Tuesday 17th April, 2018


Our speaker was Prof Don Pollacco from Warwick University who came to talk to us all about "Exoplanets". He introduced himself by saying that he is an amateur astronomer as well as working professionally in the field and was lucky enough to have met the Apollo astronauts Jim Lovell and Neil Armstrong. One particular observation that sticks in his memory is seeing the comet Hale-Bopp in early 1997 and its three tails. He explained that as it neared the Sun the heat caused more volatile material to be erupted from the comet's surface. One stream of material was gas, another was dust and the third consisted of sodium atoms. The dust tail roughly followed the actual orbit of the comet whereas the gas tail pointed directly away from the Sun and the sodium tail marked out a path between two.

Prof Pollacco began his talk by saying that he was involved from the very beginning with the "WASP" project that looked for distant planets outside our Solar System (exoplanets) as they crossed their central star. The acronym stands for "Wide Angle Search for Planets" and the project began in 1999 whilst he was at Queen's University, Belfast. He built a prototype instrument called WASP0, which consisted of a Nikon wide-angle camera lens attached to a CCD camera. These were then mounted on a telescope in order to track the movement of the sky.

WASP0 worked well on its two observing sessions, firstly on the island of La Palma and then at Kryoneri in Greece. With funding from Queen's University and PPARC he was able to upgrade the system to include more lenses and CCD cameras, allowing them to study more of the sky at once. The project now has two robotic observatories — SuperWASP-North on La Palma and SuperWASP-South near Sutherland in South Africa. Each observatory consists of an array of eight Cannon 200 mm f1.8 camera lenses with a high quality CCD camera attached to each lens. Each observatory is housed in a large white shed-like structure with a roof that slides off automatically if the sky is clear enough.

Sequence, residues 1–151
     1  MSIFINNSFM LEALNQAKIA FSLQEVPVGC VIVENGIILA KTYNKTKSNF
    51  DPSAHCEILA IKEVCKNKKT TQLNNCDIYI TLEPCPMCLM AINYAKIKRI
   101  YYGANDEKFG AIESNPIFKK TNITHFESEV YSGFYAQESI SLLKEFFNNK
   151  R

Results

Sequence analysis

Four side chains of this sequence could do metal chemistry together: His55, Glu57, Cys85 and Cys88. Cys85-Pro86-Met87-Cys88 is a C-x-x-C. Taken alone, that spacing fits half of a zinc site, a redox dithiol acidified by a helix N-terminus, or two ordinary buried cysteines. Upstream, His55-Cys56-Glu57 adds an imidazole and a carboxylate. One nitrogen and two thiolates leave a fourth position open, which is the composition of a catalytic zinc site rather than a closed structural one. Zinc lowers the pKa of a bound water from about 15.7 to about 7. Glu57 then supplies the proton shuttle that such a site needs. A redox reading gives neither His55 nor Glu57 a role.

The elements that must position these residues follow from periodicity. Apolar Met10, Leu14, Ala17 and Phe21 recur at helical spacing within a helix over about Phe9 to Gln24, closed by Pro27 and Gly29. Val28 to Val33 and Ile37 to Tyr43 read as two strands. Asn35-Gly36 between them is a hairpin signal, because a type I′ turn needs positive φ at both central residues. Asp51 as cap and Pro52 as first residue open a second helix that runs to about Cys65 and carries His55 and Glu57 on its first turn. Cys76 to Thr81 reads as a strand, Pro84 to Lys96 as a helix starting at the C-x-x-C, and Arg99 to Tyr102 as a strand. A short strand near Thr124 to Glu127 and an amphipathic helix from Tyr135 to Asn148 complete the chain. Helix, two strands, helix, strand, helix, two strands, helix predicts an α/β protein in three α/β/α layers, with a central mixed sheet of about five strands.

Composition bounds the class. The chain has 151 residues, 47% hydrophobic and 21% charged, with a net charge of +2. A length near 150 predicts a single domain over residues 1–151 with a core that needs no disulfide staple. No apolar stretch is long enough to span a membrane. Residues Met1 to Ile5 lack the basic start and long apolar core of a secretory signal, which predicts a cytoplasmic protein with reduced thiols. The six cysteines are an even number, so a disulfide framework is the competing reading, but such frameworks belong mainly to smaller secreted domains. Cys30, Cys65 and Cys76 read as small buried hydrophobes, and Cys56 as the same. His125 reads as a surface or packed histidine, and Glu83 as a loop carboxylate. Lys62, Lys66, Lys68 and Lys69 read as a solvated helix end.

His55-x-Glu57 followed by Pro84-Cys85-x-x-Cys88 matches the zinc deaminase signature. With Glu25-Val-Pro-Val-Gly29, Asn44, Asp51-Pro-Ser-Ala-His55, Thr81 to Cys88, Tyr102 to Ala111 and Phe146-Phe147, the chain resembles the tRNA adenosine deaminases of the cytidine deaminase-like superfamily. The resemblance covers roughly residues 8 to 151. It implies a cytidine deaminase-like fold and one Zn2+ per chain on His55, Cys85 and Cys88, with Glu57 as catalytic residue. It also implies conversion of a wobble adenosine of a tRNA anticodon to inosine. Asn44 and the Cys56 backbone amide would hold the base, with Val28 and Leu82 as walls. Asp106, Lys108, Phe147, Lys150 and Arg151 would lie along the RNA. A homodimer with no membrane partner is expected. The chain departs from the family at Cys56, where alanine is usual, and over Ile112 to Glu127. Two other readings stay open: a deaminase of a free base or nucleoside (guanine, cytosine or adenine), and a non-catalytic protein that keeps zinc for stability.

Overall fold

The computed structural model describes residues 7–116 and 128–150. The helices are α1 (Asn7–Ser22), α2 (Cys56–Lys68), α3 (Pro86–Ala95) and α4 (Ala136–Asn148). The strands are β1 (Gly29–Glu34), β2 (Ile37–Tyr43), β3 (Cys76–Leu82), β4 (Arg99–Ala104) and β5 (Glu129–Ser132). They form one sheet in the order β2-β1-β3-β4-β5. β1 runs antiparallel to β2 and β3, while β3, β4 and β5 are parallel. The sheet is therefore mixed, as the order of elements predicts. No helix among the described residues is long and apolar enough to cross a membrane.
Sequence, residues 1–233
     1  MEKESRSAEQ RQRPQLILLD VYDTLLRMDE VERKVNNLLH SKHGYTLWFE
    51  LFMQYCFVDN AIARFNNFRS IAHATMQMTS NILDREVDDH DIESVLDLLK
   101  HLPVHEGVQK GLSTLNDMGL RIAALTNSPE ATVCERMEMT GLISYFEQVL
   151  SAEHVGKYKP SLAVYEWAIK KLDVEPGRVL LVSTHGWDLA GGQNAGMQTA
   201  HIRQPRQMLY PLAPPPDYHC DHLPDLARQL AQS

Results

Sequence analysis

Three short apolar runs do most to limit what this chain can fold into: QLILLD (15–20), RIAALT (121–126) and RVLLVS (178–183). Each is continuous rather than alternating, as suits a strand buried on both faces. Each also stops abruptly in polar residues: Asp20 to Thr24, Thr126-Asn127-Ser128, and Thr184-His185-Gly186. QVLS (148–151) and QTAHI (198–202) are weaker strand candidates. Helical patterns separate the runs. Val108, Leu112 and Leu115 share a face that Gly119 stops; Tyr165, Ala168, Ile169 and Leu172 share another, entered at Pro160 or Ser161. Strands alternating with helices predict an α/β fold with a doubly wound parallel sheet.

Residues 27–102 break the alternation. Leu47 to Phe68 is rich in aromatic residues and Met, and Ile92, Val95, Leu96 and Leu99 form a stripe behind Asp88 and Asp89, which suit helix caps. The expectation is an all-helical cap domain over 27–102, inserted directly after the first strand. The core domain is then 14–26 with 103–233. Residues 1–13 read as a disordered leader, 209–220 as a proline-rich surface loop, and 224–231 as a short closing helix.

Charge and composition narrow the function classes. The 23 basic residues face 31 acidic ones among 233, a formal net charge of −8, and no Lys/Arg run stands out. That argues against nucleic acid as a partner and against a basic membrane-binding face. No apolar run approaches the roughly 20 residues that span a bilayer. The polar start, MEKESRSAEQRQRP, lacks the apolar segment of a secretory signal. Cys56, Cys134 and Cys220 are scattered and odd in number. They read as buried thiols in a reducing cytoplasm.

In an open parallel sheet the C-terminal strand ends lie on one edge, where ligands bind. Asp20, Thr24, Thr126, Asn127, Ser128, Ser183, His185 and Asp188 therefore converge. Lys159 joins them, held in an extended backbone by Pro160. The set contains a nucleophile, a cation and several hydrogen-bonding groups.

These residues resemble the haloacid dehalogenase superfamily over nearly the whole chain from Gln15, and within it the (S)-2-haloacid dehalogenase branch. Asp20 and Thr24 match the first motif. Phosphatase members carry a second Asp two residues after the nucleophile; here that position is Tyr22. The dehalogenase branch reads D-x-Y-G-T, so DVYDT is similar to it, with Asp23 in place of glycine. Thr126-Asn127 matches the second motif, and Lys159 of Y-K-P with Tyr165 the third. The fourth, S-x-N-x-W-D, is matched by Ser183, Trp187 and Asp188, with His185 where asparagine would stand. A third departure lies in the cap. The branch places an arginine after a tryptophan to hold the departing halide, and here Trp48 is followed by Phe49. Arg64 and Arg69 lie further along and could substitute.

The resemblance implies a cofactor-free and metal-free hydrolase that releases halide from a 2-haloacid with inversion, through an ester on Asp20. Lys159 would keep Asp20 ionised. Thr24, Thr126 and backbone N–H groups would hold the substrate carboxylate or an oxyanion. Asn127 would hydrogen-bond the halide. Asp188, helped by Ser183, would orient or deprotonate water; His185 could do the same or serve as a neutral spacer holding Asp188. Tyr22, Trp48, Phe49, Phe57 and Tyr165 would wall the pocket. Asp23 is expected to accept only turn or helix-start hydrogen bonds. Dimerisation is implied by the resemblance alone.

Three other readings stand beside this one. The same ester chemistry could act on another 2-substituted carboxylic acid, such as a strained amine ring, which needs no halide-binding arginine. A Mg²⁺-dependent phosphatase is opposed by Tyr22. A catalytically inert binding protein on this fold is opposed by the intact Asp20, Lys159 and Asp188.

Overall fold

Both observatories spot exoplanets using what is known as the "transit method". For, when a planet crosses a star the light will dim with the fall in brightness being directly related to the size of the planet. So far they have spotted over 100 exoplanets, making it the most successful ground-based mission to date.

Prof Pollacco said that there are a number of future missions that will be searching for exoplanets. NASA's TESS space telescope (Transiting Exoplanet Survey Satellite) launched on April 18th 2018 and will survey the whole sky for a period of 2 years. Further into the future ESA's PLATO spacecraft (Planetary Transits and Oscillations of stars) will not be launching until 2026 and its main aim is to find Earth-like planets.


This article was written for the club news column of the Stratford Herald. The actual lecture explained the subject at a deeper level.